Section: New Results
Structured Penalties for Log-linear Language Models
Participants : Anil Nelakanti [correspondent] , Cédric Archambeau, Francis Bach, Guillaume Bouchard.
Language models can be formalized as log-linear regression models where the input features represent previously observed contexts up to a certain length . The complexity of existing algorithms to learn the parameters by maximum likelihood scale linearly in , where is the length of the training corpus and is the number of observed features. In  we present a model that grows logarithmically in , making it possible to efficiently leverage longer contexts. We account for the sequential structure of natural language using tree-structured penalized objectives to avoid overfitting and achieve better generalization.
Language models are crucial parts of advanced natural language processing pipelines, such as speech recognition  , machine translation  , or information retrieval  . When a sequence of symbols is observed, a language model predicts the probability of occurrence of the next symbol in the sequence. Models based on so-called back-off smoothing have shown good predictive power  . In particular, Kneser-Ney (KN) and its variants  are still achieving state-of-the-art results for more than a decade after they were originally proposed. Smoothing methods are in fact clever heuristics that require tuning parameters in an ad-hoc fashion. Hence, more principled ways of learning language models have been proposed based on maximum entropy  or conditional random fields  , or by adopting a Bayesian approach  .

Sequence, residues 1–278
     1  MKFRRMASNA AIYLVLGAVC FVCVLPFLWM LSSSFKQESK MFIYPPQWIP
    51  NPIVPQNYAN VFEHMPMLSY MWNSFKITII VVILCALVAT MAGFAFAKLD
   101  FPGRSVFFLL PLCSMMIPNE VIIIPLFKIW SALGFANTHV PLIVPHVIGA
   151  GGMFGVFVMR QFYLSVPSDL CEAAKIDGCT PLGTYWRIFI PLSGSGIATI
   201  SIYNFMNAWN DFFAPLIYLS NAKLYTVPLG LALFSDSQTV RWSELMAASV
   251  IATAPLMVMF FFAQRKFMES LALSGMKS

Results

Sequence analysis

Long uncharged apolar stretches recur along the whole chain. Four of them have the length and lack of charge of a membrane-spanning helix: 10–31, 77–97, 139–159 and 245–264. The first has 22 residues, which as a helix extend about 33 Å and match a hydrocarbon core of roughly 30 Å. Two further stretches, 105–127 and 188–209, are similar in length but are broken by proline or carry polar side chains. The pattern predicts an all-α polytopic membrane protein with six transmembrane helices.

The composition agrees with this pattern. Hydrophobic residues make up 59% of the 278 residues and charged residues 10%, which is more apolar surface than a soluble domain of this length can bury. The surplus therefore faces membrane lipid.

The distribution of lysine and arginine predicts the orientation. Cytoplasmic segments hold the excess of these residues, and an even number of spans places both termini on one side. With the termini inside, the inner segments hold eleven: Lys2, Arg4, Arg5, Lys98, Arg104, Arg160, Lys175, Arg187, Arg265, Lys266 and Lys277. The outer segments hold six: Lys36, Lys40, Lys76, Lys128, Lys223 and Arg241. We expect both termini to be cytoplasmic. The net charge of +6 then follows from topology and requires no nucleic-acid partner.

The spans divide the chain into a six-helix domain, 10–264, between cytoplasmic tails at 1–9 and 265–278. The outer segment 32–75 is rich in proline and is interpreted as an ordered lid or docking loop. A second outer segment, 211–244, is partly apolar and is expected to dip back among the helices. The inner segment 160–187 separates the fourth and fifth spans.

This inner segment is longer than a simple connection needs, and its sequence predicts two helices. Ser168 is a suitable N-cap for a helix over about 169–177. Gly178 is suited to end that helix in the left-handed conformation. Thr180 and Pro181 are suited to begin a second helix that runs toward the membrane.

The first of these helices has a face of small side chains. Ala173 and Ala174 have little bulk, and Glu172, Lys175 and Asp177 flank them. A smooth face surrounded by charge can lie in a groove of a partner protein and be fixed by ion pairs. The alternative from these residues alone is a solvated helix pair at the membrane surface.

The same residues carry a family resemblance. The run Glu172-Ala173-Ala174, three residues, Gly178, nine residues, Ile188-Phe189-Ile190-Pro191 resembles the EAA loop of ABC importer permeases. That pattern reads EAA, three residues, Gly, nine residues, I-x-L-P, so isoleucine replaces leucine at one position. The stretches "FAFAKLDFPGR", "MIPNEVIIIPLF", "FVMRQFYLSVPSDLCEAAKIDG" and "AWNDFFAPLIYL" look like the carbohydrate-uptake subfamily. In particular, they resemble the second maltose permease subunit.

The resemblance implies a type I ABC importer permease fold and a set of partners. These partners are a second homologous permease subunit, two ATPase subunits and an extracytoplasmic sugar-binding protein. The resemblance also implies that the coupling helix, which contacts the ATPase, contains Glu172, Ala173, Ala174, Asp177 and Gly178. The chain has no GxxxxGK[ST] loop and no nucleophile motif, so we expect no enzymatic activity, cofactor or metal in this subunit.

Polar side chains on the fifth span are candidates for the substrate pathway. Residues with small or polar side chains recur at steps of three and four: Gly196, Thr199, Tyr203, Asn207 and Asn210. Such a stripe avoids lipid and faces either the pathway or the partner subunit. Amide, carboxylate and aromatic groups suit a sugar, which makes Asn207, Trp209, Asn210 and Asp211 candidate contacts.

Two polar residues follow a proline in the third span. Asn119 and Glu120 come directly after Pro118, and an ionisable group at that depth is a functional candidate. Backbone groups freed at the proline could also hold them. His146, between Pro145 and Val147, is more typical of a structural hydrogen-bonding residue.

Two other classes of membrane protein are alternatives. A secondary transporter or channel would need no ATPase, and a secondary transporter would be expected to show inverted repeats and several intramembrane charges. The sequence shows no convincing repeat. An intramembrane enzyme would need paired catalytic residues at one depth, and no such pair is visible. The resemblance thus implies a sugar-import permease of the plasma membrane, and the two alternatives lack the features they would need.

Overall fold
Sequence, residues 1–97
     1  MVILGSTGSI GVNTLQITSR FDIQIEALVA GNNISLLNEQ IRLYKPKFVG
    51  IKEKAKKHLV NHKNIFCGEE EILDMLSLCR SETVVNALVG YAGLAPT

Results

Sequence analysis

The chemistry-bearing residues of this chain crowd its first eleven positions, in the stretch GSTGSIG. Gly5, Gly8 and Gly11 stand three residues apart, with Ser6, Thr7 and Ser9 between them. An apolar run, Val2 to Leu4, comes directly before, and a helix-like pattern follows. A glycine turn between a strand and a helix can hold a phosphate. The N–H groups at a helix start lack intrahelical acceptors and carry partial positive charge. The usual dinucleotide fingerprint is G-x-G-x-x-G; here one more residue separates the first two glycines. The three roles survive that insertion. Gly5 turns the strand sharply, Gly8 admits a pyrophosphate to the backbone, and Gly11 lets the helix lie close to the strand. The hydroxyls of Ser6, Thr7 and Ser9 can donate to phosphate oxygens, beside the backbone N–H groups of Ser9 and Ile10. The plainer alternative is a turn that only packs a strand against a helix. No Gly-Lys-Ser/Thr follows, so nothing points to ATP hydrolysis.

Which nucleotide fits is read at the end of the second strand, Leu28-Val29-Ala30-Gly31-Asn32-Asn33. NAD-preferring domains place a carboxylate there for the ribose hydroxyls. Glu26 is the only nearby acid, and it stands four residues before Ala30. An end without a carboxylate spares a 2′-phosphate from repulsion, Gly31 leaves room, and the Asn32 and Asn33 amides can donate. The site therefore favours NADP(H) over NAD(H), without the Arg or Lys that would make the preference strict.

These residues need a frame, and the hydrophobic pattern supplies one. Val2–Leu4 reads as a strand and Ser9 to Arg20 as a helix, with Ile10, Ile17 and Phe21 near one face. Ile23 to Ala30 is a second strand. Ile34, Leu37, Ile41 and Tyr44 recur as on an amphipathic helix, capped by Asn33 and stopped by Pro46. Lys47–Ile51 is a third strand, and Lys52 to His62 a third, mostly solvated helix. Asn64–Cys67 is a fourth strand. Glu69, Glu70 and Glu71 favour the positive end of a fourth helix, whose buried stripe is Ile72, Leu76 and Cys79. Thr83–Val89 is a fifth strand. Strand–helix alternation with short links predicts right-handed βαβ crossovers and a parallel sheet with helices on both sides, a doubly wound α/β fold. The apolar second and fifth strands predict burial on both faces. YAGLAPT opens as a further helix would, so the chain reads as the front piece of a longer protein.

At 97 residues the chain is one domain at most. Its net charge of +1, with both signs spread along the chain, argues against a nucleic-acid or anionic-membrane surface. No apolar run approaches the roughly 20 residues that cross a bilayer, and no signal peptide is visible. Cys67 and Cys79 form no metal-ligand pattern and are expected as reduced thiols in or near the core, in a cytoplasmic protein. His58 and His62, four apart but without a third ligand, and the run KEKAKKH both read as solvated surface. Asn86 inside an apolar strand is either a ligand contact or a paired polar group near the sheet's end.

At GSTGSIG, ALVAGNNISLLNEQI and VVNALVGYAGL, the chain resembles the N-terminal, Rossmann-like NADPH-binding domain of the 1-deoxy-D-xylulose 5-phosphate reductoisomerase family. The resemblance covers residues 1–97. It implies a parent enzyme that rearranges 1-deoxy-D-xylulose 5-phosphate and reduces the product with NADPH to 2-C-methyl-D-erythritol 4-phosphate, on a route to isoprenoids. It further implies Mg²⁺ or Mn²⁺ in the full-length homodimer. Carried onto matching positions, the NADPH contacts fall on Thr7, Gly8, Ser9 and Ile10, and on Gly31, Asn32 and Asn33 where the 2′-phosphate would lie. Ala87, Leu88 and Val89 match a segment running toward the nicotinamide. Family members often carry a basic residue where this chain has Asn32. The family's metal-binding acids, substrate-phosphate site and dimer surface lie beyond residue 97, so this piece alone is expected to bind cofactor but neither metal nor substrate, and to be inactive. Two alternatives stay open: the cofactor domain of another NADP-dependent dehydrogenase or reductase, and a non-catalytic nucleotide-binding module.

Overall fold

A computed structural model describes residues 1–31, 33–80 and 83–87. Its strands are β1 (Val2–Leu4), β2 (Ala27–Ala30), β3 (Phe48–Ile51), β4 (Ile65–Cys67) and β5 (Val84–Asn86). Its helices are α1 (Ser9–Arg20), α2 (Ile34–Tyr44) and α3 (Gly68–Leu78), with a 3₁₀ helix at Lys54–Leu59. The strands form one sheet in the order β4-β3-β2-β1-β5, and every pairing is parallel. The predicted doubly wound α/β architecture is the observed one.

We focus on penalized maximum likelihood estimation in log-linear models. In contrast to language models based on unstructured norms such as (quadratic penalties) or (absolute discounting), we use tree-structured norms  ,  . Structured penalties have been successfully applied to various NLP tasks, including chunking and named entity recognition  , but not language modeling. Such penalties are particularly well-suited to this problem as they mimic the nested nature of word contexts. However, existing optimizing techniques are not scalable for large contexts .
We show that structured tree norms provide an efficient framework for language modeling. Furthermore, we give the first algorithm for structured tree norms with a complexity nearly linear in the number of nodes. This leads to a memory-efficient and time-efficient learning algorithm for generalized linear language models.